Today, Kilo, a Pinoy Guy Guide contributor and member of the PGG Forums, shares with us how to make the most out of your money when shopping.
Shopping for good quality fashionable clothes is a skill on a game of getting the most out of your money. When buying for yourself, always think and sense but do not decide based on emotions. You should buy because it looks great and worth all of your money.
What retail stores want you to do is to purchase items through emotional needs. When you’re emotional, you leave your guard down and grab whatever matches your mood. You don’t look at the price tag and you barely criticize what you buy. Good salespeople will always trick on your emotions to get a sale. You only get to feel the empty pockets when your mood dies down.
Take for example a mother’s day gift. Everyone would like to express their love for their mother so they go for the best and most expensive gift for her. They won’t think much of the value for money aspect because they would like the “Best”. That is why stores get the most profit out of Valentine’s day, Mother’s and Father’s day, Easter, Halloween, and Christmas.
Every item has a sale life cycle. At the start, new items are shown to be fresh and attractive and are not on sale. Since it’s new, stores hope that people will be attracted to it and buy it because it’s “New”. After a few days or weeks on the shelf and the items are not bought much, they start posting a fake “Sale”. These 10 to 15% off retail price are meant to attract you to their store. When items are sold 25 to 30% off, these are optimal sales where it catches the attention of more people to buy at the store while getting a considerable amount of revenue. When an item is considered old and needs to be eliminated, they post a 50% to 60% sale. 75% off is a break even so the store doesn’t have to pay for the disposal of their goods.
Merchandising or the way an item is being sold is a hidden communication tool from the store to the buyer. If there are a few items being displayed, it means that the item is expensive, rare, and exclusive. They want you to think that the item is running out and you need to buy it now or its too late. However, most likely there are more at the back. Items stacked by the dozen or massed means that the items are cheap, many and they want you to buy more.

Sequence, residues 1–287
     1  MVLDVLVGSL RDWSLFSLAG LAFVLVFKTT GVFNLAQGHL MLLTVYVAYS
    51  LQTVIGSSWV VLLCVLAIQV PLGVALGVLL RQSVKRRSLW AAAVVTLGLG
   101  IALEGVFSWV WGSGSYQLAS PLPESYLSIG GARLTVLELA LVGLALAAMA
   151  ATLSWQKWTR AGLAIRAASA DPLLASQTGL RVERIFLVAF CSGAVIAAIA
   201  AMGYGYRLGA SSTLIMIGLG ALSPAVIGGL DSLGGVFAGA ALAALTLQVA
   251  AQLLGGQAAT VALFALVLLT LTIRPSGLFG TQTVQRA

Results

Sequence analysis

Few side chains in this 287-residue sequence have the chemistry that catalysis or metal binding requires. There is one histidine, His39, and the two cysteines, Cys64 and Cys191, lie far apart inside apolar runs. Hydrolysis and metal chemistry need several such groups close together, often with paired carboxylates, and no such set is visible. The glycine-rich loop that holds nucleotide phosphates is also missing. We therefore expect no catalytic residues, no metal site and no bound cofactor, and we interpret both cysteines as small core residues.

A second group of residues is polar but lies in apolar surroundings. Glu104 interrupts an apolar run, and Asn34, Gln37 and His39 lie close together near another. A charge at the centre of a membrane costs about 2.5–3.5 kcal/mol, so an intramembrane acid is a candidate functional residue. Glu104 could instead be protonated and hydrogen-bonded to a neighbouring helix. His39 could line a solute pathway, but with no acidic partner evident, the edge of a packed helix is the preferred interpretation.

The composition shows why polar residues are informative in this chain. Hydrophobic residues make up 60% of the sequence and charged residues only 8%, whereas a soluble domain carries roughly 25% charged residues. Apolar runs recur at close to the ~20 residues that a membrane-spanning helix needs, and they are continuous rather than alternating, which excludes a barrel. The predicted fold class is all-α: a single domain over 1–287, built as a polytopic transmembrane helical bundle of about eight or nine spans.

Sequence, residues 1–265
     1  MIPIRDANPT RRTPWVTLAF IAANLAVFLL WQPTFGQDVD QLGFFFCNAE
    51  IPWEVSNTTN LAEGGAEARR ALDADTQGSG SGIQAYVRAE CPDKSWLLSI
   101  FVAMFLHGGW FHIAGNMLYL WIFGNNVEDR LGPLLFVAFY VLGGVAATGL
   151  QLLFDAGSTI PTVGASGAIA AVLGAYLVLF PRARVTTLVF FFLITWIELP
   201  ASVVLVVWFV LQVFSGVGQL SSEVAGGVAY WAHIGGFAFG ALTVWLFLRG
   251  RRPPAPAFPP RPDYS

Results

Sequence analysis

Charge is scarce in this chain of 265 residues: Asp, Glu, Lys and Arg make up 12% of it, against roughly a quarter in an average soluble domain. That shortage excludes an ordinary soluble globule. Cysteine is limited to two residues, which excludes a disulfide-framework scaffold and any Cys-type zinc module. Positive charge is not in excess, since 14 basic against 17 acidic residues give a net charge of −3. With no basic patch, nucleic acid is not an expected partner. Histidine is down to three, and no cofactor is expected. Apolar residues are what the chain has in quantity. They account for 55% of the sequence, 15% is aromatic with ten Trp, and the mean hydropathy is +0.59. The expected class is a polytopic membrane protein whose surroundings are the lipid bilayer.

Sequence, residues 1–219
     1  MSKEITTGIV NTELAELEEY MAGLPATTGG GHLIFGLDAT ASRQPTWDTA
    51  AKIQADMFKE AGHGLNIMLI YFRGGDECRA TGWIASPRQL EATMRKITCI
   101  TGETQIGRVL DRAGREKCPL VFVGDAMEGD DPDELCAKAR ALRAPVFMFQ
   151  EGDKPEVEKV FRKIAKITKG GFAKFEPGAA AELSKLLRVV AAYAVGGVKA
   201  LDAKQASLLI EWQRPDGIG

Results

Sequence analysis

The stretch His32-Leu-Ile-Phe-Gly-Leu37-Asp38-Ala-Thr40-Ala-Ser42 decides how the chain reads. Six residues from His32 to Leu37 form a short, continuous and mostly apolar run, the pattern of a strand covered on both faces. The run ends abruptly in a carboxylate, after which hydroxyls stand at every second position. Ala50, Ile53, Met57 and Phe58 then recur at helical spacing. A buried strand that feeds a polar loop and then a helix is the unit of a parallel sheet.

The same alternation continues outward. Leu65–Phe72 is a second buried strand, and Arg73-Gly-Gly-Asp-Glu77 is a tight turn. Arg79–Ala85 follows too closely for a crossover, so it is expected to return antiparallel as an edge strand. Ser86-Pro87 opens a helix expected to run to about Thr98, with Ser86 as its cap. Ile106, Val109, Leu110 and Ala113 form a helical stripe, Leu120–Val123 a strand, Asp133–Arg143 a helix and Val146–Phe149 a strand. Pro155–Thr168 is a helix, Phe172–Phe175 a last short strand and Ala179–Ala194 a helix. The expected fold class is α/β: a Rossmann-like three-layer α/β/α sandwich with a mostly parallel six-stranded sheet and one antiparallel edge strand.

Buying quality goods is a matter of timing. You have to know what you want and wait for it to dive down to the appropriate price. Appropriate means that there is a few left and you know this item is not coming back. Sometimes, I’ve had experiences of buying P1375 polo shirts costing P3750 originally by simply being vigilant.
People buy the expensive brands for the sensitive eyes of the designer on what looks good. They see the smallest of details on texture, color and look. Black is not just black, but screaming “BLACK!”. They dictate the trend while other lower stores attempt to follow their design like 6 months after.
There is a value on window-shopping of expensive items. You look at expensive stores not only as an eye candy but to steal ideas as well. You get to see and feel what the designers have and copy. You get to know what style will suit you best and what you feel will not work out for you. When you get the idea of what you really like, you go to a store with similar but cheaper goods and just mix and match.
THE POWER OF THE BUYER
The following are useful tools when buying items:
1. Ask when the sale started, when the sale is going to end, what’s the next sale going to be. You’ll be offered discounts and coupons if the sales people get annoyed. Sales are good indicators when the store is doing well or the item is running out.
2. Ask for the availability of the item, and their quantities from other stores. Sometimes it’s cheaper to buy a rare item from a different branch.
3. Always do a price check even if the price tag is shown. Some items are mis-tagged and might be on sale.
I hope that these tips will help you a lot on your next purchase! Happy buying!
Kilo is a former sales associate in the home decor and furniture industry and is currently pursuing a career in the medical field. He has a great interest in topics such as technology, health issues, economics and business.